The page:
Young people distrusting advisers could cost economy: Trilogy

14 August 2018

Younger Australians are shying away from using professional financial advisers in the wake of the Royal Commission and this could cost the broader economy dearly, investment manager Trilogy has cautioned.

According to data from Rainmaker, Australians aged 18 to 42 accounted for just 17 per cent of the financial planning industry’s customer base, despite representing 46 per cent of the adult population.

Unsurprisingly, the recent evidence of misconduct unveiled by the Royal Commission into Banking, Superannuation and Financial Services could be responsible for this, Trilogy managing director, Philip Ryan, believed.

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Ryan also warned that the lack of trust in advice by younger people could prove to be a costly impact of the Commission on the broader economy.

He said that a lack of guidance and poor understanding of economic fundamentals and personal risk tolerance could lead to poor financial decisions that could compromise individuals’ financial futures. This in turn could put pressure on public funds as those Australians hit retirement age without adequate savings.

“The reluctance shown by younger generations to seek out advice comes as fallout following the damning assessments of financial advisers operating under the umbrella of some of our biggest – and most trusted – institutions. This distrust has real potential to derail our financial future,” Ryan said.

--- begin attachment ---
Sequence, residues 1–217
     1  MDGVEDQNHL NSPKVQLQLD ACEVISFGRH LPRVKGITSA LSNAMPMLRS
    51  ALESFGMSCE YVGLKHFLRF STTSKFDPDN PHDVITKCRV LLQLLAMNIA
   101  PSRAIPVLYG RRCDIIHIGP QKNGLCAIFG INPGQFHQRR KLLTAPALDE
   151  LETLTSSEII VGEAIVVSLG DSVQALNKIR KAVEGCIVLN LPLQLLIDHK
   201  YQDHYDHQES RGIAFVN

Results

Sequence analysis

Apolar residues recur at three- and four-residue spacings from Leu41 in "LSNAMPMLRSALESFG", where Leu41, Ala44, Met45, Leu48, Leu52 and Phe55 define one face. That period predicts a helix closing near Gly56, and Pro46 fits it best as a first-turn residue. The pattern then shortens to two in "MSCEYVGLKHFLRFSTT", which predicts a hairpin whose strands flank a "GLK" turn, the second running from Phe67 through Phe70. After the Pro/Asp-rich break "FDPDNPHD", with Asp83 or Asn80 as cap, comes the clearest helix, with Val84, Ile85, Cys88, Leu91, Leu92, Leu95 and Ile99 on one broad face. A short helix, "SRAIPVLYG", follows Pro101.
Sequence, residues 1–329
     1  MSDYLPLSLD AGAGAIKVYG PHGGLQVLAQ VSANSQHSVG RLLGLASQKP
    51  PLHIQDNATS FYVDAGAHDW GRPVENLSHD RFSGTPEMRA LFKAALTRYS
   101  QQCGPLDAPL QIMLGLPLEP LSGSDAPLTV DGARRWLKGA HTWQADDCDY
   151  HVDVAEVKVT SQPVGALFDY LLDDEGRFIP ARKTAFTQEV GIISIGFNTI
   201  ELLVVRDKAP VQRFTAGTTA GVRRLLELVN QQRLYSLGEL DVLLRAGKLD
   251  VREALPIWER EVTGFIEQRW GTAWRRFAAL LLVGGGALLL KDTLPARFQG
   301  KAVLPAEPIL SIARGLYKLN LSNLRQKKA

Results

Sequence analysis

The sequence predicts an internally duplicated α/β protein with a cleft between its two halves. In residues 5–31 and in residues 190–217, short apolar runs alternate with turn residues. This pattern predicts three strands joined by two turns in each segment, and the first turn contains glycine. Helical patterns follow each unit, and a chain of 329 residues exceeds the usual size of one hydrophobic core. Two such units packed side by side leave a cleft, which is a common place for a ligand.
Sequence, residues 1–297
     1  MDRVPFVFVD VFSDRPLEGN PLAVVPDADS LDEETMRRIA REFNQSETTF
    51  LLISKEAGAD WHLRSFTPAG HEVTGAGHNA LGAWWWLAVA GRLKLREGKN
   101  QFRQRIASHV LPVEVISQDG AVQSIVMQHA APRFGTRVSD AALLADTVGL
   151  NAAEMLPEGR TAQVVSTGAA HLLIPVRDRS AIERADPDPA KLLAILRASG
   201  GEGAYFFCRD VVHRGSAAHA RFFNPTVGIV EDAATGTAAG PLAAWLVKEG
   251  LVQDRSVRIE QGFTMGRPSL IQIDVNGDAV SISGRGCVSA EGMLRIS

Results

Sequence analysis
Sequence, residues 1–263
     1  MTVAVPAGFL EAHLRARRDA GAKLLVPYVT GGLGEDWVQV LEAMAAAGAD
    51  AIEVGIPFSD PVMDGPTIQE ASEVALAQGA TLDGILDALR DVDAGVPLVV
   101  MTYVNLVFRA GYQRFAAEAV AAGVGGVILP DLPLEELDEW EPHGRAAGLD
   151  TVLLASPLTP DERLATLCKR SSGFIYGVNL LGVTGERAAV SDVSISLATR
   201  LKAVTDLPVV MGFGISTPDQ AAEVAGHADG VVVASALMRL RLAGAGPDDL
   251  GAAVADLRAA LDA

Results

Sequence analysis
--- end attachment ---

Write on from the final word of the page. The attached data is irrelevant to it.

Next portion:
“Australians of all ages and all walks of life should be investing in their financial education and the value of engaging a reputable adviser to help plan for the future cannot be dismissed.”

Ryan acknowledged, however, that the financial advice industry needed to work to restore the public’s confidence in the profession, saying that “the anger and frustration shown by the Australian public is completely understandable”.

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"...the financial advice industry needed to work to restore the public’s confidence in the profession..." is not going to happen with the AFA's approach to protecting the incompetent.

Yet another broad slur from a virtue signalling tribal sycophant. Emotion, resentment, negativity I can play that game too Hedware. And this is in itself is a sign off the vast professionalism of the other commenters on this panel who won't play that game as every time you put up your simplistic biased venom they will in the main counter you with fact and logic. You just throw something up and "splatt" it onto the ceiling for someone else to try and take down. Forget about truth and repurcussions just decontructionism at play. As I commented yesterday the tragedy for you is you will get exactly what you seek - but look out because your comrades could "identify" you then.

"...the financial advice industry needed to work to restore the public’s confidence in the profession..." could happen if the identity pre-occupied mercenaries that undermined the publics confidence in established, educated, experienced service providers in the first place actually woke up to the fact that it is actually in the interests of the people they purport to represent if they help build with the encumbants a better solution instead of seeking to destroy everything and then take ownership over what replaces it.

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